7. Now for the part that is a bit tricky. You have to compare the fresh Style.css function with the file you altered. Maybe your HTML editor has a function that lets you compare the two files, pointing out the differences. That would be helpful. I have never needed this type of function. If it is not available to you, you will have to use your own eyes to compare the files. All changes go into its own style.css file. After that, place it into the child theme folder equipped with all modifications.
  8. After you have put all altered theme files, and the extended CSS into the child theme folder, load the folder into your theme index wp-content/themes. Make sure that the fresh version of your theme is in there as well.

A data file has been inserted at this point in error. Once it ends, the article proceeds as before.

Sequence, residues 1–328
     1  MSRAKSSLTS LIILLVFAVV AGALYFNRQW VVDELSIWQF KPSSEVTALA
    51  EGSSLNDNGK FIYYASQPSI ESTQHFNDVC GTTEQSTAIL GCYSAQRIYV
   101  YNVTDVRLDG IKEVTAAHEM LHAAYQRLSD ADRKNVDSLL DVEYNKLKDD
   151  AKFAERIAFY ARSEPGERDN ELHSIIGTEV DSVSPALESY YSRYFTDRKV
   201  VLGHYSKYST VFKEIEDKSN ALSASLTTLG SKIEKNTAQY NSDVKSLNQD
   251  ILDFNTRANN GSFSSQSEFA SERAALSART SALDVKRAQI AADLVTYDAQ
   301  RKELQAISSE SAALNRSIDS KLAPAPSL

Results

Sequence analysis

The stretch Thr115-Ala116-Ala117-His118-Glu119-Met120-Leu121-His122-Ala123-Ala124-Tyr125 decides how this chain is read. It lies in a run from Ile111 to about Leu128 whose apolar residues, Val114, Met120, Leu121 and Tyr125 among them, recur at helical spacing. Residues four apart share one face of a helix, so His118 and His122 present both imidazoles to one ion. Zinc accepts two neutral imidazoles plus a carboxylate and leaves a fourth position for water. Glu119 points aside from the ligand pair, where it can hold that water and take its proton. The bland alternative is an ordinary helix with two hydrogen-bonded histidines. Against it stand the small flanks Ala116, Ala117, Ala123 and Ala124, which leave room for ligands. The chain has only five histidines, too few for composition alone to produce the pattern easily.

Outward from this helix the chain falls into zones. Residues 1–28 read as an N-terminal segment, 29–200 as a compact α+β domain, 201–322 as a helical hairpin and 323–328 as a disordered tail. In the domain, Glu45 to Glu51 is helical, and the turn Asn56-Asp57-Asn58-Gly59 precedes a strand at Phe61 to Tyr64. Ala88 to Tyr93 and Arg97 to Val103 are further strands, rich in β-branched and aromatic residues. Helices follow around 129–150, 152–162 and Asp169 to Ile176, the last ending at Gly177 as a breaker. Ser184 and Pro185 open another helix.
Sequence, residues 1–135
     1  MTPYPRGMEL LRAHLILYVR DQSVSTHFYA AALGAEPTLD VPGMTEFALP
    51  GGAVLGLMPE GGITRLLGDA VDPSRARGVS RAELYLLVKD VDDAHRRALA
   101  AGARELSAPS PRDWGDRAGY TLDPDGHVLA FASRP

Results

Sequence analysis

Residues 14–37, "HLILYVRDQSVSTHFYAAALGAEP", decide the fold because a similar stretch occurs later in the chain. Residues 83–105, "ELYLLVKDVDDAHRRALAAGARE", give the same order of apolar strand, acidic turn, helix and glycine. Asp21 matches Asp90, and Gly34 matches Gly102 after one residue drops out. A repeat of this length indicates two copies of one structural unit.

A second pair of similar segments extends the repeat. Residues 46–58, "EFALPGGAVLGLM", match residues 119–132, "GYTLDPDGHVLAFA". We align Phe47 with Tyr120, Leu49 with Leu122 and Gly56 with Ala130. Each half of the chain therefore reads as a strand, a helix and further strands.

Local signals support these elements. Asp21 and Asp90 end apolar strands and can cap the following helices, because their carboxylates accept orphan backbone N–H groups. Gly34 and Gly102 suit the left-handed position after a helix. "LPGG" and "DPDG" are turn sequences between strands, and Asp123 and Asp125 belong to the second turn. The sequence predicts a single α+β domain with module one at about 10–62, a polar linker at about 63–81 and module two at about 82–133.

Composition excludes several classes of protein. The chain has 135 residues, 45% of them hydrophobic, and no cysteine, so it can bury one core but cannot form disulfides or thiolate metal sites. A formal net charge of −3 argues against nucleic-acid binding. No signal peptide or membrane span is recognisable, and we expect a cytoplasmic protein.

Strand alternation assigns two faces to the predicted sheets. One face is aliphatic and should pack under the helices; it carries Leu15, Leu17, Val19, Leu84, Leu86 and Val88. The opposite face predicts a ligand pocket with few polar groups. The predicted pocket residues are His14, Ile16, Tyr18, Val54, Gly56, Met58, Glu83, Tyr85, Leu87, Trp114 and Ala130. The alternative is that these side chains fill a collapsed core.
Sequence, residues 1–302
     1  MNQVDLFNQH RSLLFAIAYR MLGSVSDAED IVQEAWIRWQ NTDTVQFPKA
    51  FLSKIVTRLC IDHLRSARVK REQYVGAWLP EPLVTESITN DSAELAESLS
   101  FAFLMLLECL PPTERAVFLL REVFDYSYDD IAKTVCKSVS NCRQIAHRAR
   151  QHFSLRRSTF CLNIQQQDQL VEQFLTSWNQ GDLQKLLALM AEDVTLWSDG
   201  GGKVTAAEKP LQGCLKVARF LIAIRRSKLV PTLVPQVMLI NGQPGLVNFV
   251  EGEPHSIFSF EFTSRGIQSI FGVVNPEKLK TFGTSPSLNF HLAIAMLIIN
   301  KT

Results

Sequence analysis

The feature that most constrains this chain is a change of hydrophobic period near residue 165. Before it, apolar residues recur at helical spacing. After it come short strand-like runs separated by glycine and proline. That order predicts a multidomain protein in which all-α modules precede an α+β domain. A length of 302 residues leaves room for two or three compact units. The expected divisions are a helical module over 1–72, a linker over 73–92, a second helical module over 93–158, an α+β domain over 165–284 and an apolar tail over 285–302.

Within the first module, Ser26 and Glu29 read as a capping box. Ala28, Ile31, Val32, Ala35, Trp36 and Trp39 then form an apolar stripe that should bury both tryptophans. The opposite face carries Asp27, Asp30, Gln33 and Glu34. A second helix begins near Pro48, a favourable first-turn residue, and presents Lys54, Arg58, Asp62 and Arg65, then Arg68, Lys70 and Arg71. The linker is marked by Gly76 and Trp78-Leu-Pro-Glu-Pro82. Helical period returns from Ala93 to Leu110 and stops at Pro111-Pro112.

9. Log into your WordPress, and make your way to the themes. Use the live preview to check your newly created child theme. If everything is displayed correctly, you’re good. If not, check, in which areas you may have overlooked something.
  10. Revise the missing elements.
  11. Then, check the entire website, and all necessary functions again, using the live preview. If everything is fine, activate your child theme, and enjoy it.
  12. Never do this again:-)

Conclusion

Now, you’ve gotten to know pretty much all important aspects of creating a child theme. Start by creating one based on one of the fine themes we presented you in this article. Which one is your favorite?

Noupe Editorial Team

The jungle is alive: Be it a collaboration between two or more authors or an article by an author not contributing regularly. In these cases you find the Noupe Editorial Team as the ones who made it. Guest authors get their own little bio boxes below the article, so watch out for these.